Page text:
Shouldn't be a common presence though, in mundane situations or too strong.
    -end of thread-

  6. #76
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    I generally don't get jealous and when I do, I tend to keep it to myself..

    No wonder my relationships fail.

  7. #77
    likes this gromit's Avatar
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    Quote Originally Posted by JocktheMotie View Post
    I'm part of the "a little jealousy is healthy" camp. Expressed jealousy, or perhaps, territorial protectiveness from her I find flattering because it's simply another way she shows I'm wanted and I am valuable to her. I think with any kind of emotion, there are healthy and unhealthy ranges along the spectrum, and it's up to you to decide what you will tolerate and accept.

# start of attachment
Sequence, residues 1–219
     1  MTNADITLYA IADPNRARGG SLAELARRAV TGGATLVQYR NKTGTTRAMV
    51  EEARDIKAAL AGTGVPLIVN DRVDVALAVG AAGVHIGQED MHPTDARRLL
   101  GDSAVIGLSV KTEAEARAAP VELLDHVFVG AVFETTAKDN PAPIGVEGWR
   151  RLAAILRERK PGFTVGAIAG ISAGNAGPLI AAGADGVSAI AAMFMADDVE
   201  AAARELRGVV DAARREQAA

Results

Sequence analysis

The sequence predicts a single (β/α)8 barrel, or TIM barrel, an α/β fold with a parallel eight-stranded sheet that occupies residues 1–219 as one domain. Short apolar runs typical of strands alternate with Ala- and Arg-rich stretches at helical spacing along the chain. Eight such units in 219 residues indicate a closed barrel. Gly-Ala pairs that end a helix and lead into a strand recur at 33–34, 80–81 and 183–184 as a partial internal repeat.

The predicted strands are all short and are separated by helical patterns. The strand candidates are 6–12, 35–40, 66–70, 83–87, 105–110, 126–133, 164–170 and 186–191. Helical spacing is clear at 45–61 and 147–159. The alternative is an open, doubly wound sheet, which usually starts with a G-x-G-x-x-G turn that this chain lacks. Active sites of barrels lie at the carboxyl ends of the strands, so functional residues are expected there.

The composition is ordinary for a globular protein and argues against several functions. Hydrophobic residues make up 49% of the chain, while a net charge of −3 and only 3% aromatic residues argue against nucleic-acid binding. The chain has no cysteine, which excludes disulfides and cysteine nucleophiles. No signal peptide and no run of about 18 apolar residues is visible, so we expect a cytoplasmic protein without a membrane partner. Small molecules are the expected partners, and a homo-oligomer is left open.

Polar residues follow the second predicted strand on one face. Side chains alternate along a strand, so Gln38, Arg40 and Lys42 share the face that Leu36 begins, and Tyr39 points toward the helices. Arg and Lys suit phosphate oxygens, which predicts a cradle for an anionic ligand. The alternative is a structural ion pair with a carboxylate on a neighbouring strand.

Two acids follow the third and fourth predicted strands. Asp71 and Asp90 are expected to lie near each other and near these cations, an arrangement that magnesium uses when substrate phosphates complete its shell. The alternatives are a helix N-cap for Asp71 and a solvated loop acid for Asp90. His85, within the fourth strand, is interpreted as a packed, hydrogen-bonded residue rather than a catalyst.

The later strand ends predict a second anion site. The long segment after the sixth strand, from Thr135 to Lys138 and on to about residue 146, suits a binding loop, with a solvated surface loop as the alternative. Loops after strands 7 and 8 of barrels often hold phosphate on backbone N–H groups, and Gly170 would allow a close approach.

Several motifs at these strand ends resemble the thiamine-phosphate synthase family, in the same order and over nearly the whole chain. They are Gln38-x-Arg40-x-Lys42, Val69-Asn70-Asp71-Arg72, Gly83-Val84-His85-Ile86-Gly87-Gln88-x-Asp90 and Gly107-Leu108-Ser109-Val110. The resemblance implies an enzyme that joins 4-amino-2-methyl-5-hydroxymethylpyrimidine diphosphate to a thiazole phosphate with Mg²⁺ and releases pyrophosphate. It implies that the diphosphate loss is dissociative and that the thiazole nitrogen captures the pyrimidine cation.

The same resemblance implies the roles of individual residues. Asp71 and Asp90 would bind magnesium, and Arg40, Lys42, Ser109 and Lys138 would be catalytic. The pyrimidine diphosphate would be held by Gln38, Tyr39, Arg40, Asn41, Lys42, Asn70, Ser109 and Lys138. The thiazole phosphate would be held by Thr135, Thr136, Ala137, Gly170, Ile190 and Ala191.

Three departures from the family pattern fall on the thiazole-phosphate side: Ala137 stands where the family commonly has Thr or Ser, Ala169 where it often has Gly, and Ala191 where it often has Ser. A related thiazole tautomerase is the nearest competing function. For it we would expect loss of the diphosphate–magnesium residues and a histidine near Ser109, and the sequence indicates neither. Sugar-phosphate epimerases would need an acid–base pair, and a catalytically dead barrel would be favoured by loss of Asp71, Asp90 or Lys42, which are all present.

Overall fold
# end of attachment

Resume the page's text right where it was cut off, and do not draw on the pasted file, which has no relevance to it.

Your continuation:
For me, the presence of jealousy might trigger some introspection on my part to see if there's an insecurity anywhere, or something in my relationship not being satisfied. That's usually the only time I'm jealous in what I'd consider a destructive manner, but then it's useful because I can fix the problem.
    Quote Originally Posted by Randomnity View Post
    I think no jealousy regardless of the actions I took would make me think they didn't care about monogamy. Jealousy (at healthy levels) can be sort of a sign for when things start to approach the line, I think. Or at least a sign that you don't like something about the situation, for whatever reason.

    Shouldn't be a common presence though, in mundane situations or too strong.
    I can see this. Jealousy as an indicator that something is wrong with the situation or to help spur introspection...
    Your kisses, sweeter than honey. But guess what, so is my money.

  8. #78
    darkened dreams labyrinthine's Avatar
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    Quote Originally Posted by Trinity View Post